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Dermatology - Medical

Dermatology is the branch of medicine dealing with the skin and its diseases, a unique specialty with both medical and surgical aspects. A dermatologist takes care of diseases, in the widest sense, and some cosmetic problems of the skin, scalp, hair, and nails.

Subspecialties:
Cosmetic dermatology:

Dermatologists have been leaders in the field of cosmetic surgery. Some dermatologists complete fellowships in surgical dermatology. Many are trained in their residency on the use of botox, fillers, and laser surgery. Some dermatologists perform cosmetic procedures including liposuction, blepharoplasty, and face lifts. Most dermatologists limit their cosmetic practice to minimally invasive procedures.

Immunodermatology:

This field specializes in the treatment of immune-mediated skin diseases such as lupus, bullous pemphigoid, pemphigus vulgaris, and other immune-mediated skin disorders. Specialists in this field often run their own immunopathology labs.

Mohs surgery:

The dermatologic subspecialty called Mohs surgery focuses on the excision of skin cancers using a tissue-sparing technique. The procedure is defined as a type of CCPDMA processing. Physicians trained in this technique must be comfortable with both pathology and surgery, and dermatologists receive extensive training in both during their residency. Physicians who perform Mohs surgery can receive training in this specialized technique during their dermatology residency.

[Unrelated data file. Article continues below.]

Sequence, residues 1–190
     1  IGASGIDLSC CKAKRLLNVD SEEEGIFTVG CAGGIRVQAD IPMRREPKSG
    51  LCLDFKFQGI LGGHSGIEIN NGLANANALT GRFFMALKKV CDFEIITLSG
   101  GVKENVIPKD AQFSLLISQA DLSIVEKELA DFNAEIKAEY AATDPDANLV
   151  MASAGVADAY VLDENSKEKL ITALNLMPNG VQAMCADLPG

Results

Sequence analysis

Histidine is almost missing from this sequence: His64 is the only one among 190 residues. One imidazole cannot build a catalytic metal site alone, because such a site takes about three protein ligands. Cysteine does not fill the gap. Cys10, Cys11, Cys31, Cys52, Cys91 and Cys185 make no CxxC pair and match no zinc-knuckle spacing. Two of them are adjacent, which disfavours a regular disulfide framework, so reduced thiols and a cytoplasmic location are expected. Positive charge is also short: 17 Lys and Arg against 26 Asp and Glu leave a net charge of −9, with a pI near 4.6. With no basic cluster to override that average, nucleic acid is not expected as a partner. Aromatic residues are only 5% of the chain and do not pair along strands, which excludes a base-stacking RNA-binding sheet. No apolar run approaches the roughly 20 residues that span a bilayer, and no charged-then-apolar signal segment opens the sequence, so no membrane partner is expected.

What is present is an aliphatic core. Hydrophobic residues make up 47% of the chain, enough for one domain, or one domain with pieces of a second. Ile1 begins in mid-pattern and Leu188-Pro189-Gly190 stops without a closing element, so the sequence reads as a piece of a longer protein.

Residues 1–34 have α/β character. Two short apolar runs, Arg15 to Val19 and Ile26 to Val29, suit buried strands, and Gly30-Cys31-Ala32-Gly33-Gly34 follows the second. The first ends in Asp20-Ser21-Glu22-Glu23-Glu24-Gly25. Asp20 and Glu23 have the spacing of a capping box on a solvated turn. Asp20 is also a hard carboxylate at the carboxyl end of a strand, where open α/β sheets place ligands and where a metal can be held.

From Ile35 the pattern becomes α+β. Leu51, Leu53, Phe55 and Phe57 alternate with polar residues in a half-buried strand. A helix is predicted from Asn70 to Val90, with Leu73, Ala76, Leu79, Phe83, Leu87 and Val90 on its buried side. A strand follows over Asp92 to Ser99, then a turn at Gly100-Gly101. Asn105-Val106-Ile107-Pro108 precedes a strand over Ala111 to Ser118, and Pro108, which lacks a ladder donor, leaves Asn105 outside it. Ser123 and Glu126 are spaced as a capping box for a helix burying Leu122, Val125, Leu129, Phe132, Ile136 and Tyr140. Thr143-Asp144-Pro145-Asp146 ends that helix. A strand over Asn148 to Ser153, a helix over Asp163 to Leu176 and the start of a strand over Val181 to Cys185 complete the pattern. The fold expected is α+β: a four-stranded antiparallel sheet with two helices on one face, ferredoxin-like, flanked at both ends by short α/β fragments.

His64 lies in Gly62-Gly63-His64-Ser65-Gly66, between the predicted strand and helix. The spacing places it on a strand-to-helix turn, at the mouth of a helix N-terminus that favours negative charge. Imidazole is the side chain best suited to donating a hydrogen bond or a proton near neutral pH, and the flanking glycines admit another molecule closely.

Pediatric dermatology:

Physicians can qualify for this specialization by completing both a pediatric residency and a dermatology residency. Or they might elect to complete a post-residency fellowship. This field encompasses the complex diseases of the neonates, hereditary skin diseases or genodermatoses, and the many difficulties of working with the pediatric population.

Teledermatology:

Teledermatology is a form of dermatology where telecommunication technologies are used to exchange medical information via all kinds of media (audio, visual and also data communication, but typically photos of dermatologic conditions) usually made by non-dermatologists for evaluation off-site by dermatologists). This subspecialty deals with options to view skin conditions over a large distance to provide knowledge exchange, to establish second-opinion services for experts or to use this for follow-up of individuals with chronic skin conditions.